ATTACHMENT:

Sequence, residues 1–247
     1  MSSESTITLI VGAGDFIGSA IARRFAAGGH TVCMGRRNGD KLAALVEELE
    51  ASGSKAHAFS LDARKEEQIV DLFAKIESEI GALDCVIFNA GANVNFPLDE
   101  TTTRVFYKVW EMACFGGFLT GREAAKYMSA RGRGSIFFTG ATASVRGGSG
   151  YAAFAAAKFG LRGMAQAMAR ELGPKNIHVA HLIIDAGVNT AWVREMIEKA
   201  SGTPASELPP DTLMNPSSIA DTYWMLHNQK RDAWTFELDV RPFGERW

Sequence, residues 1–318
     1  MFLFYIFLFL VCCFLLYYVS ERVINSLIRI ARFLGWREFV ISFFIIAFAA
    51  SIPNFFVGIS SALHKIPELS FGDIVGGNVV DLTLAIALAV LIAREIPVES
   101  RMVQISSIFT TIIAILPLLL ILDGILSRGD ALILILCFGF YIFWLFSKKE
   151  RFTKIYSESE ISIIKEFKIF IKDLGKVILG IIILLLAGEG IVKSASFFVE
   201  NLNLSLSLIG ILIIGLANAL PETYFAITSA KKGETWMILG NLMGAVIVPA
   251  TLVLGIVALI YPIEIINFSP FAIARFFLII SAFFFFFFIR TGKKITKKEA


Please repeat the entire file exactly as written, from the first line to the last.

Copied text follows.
Sequence, residues 1–247
     1  MSSESTITLI VGAGDFIGSA IARRFAAGGH TVCMGRRNGD KLAALVEELE
    51  ASGSKAHAFS LDARKEEQIV DLFAKIESEI GALDCVIFNA GANVNFPLDE
   101  TTTRVFYKVW EMACFGGFLT GREAAKYMSA RGRGSIFFTG ATASVRGGSG
   151  YAAFAAAKFG LRGMAQAMAR ELGPKNIHVA HLIIDAGVNT AWVREMIEKA
   201  SGTPASELPP DTLMNPSSIA DTYWMLHNQK RDAWTFELDV RPFGERW

Sequence, residues 1–318
     1  MFLFYIFLFL VCCFLLYYVS ERVINSLIRI ARFLGWREFV ISFFIIAFAA
    51  SIPNFFVGIS SALHKIPELS FGDIVGGNVV DLTLAIALAV LIAREIPVES
   101  RMVQISSIFT TIIAILPLLL ILDGILSRGD ALILILCFGF YIFWLFSKKE
   151  RFTKIYSESE ISIIKEFKIF IKDLGKVILG IIILLLAGEG IVKSASFFVE
   201  NLNLSLSLIG ILIIGLANAL PETYFAITSA KKGETWMILG NLMGAVIVPA
   251  TLVLGIVALI YPIEIINFSP FAIARFFLII SAFFFFFFIR TGKKITKKEA